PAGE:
So I wonder if I might be one of a small number of people who could speak knowledgeably and effectively. I’m not eager to take on a role that could have national or even global results. But I feel responsible to act on what I consider important and immediate, especially if few others could.
We’re not doing anything on the scale we need to change billions of people’s behavior. And our tactics of spreading information, shaming, and so on won’t work.
Hmm… Do I want to do this?

This Post Has 2 Comments

  1. Casey Baker

    The thing I love about this post is the line “Information doesn’t often change behavior, effective leadership does.” Everyone knows that cigarettes are bad for them and exercise is good, but how many people still smoke and don’t exercise?
    In answer to your more general question, I would respond if not you then who? I’ve only just recently starting reading through your stuff, but one thing is very clear – you are working to inspire great (and potentially global) change. The technology for sustainability is out there, but the innovation and leadership to create powerful inspiration towards this change is rare. I work with large renewable energy developers everyday and I will tell you that even they are “inspired” by the same humdrum things as “return on investment” and “tax incentive policy.” Your assessment of the situation is correct, the desire to fix environmental degradation is out there, but there are few galvanizing people actually leading the charge.
    You clearly have all the tools: https://www.inc.com/joshua-spodek/there-are-2-kinds-of-inspiration-if-you-want-to-inspire-better-know-both.html
    Why not use them?

    1. Joshua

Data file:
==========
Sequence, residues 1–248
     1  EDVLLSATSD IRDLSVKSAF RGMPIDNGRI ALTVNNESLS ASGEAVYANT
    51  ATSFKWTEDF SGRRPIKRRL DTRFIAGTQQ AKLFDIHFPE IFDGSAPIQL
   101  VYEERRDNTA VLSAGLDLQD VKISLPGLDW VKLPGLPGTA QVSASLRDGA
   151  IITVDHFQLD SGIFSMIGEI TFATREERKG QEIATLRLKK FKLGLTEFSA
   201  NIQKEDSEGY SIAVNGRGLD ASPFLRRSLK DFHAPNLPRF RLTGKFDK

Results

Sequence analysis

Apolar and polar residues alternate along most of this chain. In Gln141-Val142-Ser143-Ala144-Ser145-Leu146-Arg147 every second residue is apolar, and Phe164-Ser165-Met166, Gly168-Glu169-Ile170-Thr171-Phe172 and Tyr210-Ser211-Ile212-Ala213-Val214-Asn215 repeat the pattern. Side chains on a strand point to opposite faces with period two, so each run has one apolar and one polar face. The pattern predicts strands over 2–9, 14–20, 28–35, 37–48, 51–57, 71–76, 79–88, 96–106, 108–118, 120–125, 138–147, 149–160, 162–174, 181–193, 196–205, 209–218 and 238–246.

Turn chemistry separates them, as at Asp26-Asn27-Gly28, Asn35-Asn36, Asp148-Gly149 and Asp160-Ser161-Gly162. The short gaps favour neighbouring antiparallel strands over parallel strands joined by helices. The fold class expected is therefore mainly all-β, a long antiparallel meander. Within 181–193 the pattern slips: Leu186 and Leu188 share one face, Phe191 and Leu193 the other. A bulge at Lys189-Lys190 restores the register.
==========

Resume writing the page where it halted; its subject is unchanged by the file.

To be candid, since I don’t know all the middle steps, I’m afraid of the unknown, of failure, and of people not taking me seriously when I suggest I’m thinking of becoming the Martin Luther King Junior or Nelson Mandela of pollution. Actually, even bigger. My experience tells me changing global behavior in the time limit set by rising sea levels, though it doesn’t necessarily have to come from one person.
      I believe people want to pollute less and not overpopulate the world, with rare exception. My experience polluting less has improved my life beyond any other changes and I’m not special in this regard, so others can too.
      MLK had nonviolent civil disobedience as a strategy that worked that he could adopt. I don’t know of any similar strategy that could apply here. The solutions to the tragedy of the commons, overproduction, and so on haven’t worked on a global scale.
      Nonetheless, my leadership style of connecting people’s passions to the task (oversimplifying) is the most likely to work that I can think of, certainly more than teaching facts, foretelling doom, guilt, passing laws without popular support, or the other techniques I see people using, consciously or not, so I feel compelled to act anyway.
      This post and a few recent conversations have been my first forays into this crazy notion of becoming the MLK of pollution, to see if I’m making any disastrous mistakes. So far, people have responded with support, which I was kind of worried about.
      I’ll keep moving forward until I see someone achieving results more effectively, I hit a wall I can’t overcome, or I solve the problem, I guess. If I embarrass myself in the process, at least I tried.